Iconic 20th-Century Photographs by Yousuf Karsh Are Now in the National Portrait Gallery Collection
In celebration of a major gift to its collection of more than 100 portraits created by master photographer Yousuf Karsh (1908–2002), the Smithsonian’s National Portrait Gallery is installing a special exhibition on the first floor of the museum, “Yousuf Karsh: American Portraits.” The first of two installations will now open Nov. 8 through April 27, 2014, and the second May 2, 2014, through Nov. 2, 2014.
“Yousuf Karsh: American Portraits”will be the museum’s first exhibition devoted entirely to the work of this internationally recognized photographer. Each phase of the installation will display 27 photographs. The photographs were a gift to the museum by his wife, Estrellita Karsh.
“Yousuf Karsh created some of the most iconic photographic portraits of our time,” said Kim Sajet, director of the National Portrait Gallery. “He not only had the uncanny ability to amplify a person’s character, but also offered everyday people the opportunity to glimpse into the private lives of the men and women who shaped the 20th century that feels both personal and real. I am thrilled to have his important work play an integral part in building the nation’s collection of portraits.”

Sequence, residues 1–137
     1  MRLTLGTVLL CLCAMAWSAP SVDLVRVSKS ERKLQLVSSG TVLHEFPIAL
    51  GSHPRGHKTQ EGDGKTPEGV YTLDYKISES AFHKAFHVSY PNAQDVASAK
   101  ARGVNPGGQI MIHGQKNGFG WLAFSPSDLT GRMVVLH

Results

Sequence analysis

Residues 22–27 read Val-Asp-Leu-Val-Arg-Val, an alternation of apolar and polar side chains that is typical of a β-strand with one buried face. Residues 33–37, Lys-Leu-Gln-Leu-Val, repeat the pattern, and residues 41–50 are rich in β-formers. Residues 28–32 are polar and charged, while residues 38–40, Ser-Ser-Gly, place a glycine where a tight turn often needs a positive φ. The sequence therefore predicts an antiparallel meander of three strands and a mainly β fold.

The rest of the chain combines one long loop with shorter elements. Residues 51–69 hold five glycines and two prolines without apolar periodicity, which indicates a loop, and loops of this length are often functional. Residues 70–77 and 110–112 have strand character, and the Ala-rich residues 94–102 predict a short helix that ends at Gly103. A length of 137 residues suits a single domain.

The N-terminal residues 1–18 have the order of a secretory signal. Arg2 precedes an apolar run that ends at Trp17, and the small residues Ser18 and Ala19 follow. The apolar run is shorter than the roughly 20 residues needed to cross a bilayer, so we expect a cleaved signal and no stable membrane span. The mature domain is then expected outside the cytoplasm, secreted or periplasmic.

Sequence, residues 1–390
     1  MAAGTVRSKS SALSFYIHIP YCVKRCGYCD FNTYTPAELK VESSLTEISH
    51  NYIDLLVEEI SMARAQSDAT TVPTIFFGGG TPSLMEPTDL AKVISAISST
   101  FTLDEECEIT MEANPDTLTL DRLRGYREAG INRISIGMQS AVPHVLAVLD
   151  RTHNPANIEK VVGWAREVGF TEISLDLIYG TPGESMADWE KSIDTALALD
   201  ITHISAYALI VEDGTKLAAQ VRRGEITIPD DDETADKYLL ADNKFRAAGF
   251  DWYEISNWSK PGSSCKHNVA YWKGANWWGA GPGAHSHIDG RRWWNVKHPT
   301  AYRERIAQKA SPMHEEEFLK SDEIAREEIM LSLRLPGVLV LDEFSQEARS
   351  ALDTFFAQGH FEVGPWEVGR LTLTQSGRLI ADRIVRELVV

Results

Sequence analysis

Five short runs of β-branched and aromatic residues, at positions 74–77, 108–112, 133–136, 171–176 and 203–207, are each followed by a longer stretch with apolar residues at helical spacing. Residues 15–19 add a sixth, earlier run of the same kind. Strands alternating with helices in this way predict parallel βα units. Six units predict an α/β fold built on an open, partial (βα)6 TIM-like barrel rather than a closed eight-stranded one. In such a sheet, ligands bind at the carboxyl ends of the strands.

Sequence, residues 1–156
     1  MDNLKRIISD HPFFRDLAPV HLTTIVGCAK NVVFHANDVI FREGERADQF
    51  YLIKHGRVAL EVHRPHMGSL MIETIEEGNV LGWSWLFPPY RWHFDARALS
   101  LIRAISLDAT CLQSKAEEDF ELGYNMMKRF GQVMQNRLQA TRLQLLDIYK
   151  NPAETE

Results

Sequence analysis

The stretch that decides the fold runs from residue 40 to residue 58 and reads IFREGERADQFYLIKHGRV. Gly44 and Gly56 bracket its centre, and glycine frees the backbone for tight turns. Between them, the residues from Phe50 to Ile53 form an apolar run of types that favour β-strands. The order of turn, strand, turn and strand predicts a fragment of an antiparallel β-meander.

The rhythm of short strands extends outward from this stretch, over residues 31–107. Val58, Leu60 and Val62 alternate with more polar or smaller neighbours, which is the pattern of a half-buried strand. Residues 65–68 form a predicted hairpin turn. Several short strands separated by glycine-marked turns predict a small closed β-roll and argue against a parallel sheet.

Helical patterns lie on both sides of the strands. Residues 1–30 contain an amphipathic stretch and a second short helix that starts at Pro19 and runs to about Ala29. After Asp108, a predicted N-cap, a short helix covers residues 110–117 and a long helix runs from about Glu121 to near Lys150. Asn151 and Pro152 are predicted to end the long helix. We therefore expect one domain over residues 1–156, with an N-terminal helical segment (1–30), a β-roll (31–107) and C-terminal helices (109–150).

During a distinguished career that spanned more than six decades, Karsh believed that “the heart and mind are the true lens of the camera” and he developed a genuine rapport with his subjects to fashion evocative and revealing portraits.
Each installation will feature photographs of Americans who have distinguished themselves in fields as diverse as business, medicine, entertainment, politics and the arts. Among the portraits to be included are those of artist Georgia O’Keeffe, physician and virologist Jonas Salk, singer Marian Anderson, actress Grace Kelly, businesswoman Elizabeth Arden, architect I.M. Pei and First Lady Eleanor Roosevelt.
The museum has previously collected seven photographs by Karsh, including one of the most famous photographs of Winston Churchill, which became known as the “roaring lion,” and a color photograph of the beloved creator of Peanuts, Charles Schultz.
While the photographer is known for his work in black and white, the museum will also be showing several works in color.
The curator of this exhibition is Ann Shumard, senior curator of photographs at the National Portrait Gallery.
National Portrait Gallery
The Smithsonian’s National Portrait Gallery tells the history of America through the individuals who have shaped its culture. Through the visual arts, performing arts and new media, the Portrait Gallery portrays poets and presidents, visionaries and villains, actors and activists whose lives tell the American story.The National Portrait Gallery, part of the Donald W. Reynolds Center for American Art and Portraiture, is located at Eighth and F streets N.W., Washington, D.C. Smithsonian Information: (202) 633-1000. Website: npg.si.edu.
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